Ajun Appadurai: “Disjuncture and Difference in the Global Cultural Economy”
This is a very theoretic, quite jargon-heavy, piece looking at the effects of globalization on culture. The most important take home point is that Appadurai lays out 5 different streams of global cultural flows: ethnoscapes, financescapes, technoscapes, mediascapes, and ideoscapes. He argues that these different flows intersect, conflict, and overlap with each other in highly complex ways that create an overall instability and disjuncture in patterns of globalization. This leads to infinitely complex interactions between relationships of difference and sameness that don’t obey simplistic national divisions.
Ethnoscapes: the constant flow of people as tourists, immigrants, refugees, guest workers, etc. “human motion”
Technoscapes: the movement of technology—both mechanical and information across national boundaries
Financescapes: this is obviously the flow of global capital, but Addapurai emphasizes the unpredictability and speed of capital flows. He paints a picture of “megamonies” that 3eesimple pass through “national turnstiles”
Mediascapes: “the electronic capabilities to produce and disseminate information” and “the images of the word created by these media.” Private and public interests throughout the world increasingly hold control over the media. (you could definitely quibble with Appadurai here).
Ideoscapes: mediascapes and ideoscapes are linked, but for the later, Addapurai emphasizes ideas about politics and states. He argues that even as the core vocabulary of the Enlightenment has achieved a global spread, that vocabulary has taken on highly context-dependent meanings.
Some of his more specific arguments include:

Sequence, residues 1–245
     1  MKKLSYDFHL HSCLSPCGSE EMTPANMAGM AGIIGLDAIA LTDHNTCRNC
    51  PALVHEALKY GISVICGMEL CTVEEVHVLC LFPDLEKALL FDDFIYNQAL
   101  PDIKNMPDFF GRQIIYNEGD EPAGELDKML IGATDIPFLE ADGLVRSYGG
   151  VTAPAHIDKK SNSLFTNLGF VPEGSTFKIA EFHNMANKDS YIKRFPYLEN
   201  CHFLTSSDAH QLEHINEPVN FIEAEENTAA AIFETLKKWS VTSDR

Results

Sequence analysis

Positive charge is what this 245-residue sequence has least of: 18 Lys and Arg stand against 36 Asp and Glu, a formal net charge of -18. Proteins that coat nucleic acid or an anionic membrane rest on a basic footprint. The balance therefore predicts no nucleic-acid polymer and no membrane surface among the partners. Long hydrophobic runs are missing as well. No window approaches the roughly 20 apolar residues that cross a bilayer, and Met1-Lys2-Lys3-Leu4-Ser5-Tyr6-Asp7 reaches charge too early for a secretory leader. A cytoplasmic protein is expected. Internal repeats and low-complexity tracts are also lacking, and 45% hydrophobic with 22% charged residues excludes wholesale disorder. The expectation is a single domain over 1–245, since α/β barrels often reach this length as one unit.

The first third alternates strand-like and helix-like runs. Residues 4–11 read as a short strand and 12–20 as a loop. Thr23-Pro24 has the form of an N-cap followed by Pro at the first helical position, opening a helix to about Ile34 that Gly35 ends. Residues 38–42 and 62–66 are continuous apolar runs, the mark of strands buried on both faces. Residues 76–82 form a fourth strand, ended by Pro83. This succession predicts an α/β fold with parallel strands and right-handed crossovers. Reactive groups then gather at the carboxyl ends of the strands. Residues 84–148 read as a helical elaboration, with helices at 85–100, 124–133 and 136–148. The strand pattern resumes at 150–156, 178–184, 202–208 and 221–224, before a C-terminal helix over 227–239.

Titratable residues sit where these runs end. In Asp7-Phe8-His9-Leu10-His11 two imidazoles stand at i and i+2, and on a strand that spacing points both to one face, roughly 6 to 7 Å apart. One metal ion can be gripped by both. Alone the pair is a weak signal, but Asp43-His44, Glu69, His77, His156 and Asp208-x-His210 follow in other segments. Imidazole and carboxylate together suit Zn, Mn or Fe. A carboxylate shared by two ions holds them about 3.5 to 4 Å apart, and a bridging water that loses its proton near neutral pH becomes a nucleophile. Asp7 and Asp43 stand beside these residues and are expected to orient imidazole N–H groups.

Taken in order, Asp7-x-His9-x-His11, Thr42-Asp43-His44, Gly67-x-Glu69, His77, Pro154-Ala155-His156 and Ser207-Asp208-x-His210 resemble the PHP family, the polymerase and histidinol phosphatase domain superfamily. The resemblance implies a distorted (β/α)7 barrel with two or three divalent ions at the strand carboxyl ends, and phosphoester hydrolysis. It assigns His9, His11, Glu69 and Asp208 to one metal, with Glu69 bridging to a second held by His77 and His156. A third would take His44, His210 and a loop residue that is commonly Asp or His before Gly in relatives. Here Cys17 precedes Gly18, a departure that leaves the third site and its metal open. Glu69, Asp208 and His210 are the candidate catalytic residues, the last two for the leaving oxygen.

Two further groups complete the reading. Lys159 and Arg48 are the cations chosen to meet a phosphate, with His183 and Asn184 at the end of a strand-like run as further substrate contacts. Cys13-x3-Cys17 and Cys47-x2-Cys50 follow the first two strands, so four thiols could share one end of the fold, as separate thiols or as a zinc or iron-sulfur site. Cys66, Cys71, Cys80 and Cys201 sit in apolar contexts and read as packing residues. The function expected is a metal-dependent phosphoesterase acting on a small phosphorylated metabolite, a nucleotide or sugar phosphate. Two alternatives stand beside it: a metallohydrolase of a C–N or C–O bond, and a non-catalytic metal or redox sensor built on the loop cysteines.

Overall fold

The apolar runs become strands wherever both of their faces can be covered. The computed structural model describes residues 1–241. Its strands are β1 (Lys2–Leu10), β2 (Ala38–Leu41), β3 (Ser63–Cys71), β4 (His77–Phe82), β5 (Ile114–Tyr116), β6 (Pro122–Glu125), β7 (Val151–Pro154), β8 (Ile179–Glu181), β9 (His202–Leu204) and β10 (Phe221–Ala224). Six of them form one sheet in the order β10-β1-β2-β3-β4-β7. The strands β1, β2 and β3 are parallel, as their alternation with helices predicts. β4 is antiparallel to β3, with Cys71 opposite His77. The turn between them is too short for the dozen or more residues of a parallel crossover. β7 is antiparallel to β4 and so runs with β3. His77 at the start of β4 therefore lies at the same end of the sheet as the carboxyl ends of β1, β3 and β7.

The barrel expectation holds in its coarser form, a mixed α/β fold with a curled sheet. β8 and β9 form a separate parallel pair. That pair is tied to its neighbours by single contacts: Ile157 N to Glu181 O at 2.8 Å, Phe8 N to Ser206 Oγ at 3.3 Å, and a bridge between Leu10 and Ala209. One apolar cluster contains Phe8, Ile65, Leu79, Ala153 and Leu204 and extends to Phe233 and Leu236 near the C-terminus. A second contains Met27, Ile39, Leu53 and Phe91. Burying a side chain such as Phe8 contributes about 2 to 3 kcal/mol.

Appadurai critiques the idea of “Americanization” as overly simplistic. He argues, “The United States is no longer the puppeteer of a world system of images but is only one node of a complex transnational construction of imaginary landscapes.” His argument here relates nicely to the “Japanese Version.” Appadurai would say (or at least I think he would say) that one couldn’t think of the importation of American culture into Japan merely as imitation.
Rather, the Japanese use the raw material of American film, music, etc. to create something different that then may very well be exported to Korea or even back again to the United States.
Appadurai points to tensions between homogeneity and heterogeneity. On the one hand, youths all over the world wear Levis but the number of sub-cultures among which individuals can choose has only proliferated because of trends of globalization.
Addapurai point to the inadequacies of metropole-periphery models. Flows are not uni-directional. They are chaotic and unpredictable.
Addapurai invokes the idea of “imagined worlds” (drawing on Benedict Anderson’s “imagined communities” if you are familiar with that work) to argue that we live in a universe of multiple imagined worlds that are constituted by “historically situated imaginations of persons and groups spread across the globe.”
Deterritorialization: for examples, the Indian community now is spread throughout South Asia, the Middle East, Europe, and the United States. New markets (film, food, clothing) have emerged to meet the desires of deterritorialized populations for contact with the homeland. Those things that “ignite intimacy” such as language, skin-color, and kinship relationships have become spread over vast spaces.
Nations (i.e. national communities) and states interact but are not equivalent to each other. Nations seek to capture the state apparatus and the state seeks to monopolize and manipulate the nation. This leads to a lot of tension, especially when national communities are deterritorialized (see above).